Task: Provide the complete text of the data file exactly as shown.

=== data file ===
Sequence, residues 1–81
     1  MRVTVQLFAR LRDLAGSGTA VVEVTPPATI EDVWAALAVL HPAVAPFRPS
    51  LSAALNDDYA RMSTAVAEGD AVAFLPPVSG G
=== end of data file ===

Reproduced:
Sequence, residues 1–81
     1  MRVTVQLFAR LRDLAGSGTA VVEVTPPATI EDVWAALAVL HPAVAPFRPS
    51  LSAALNDDYA RMSTAVAEGD AVAFLPPVSG G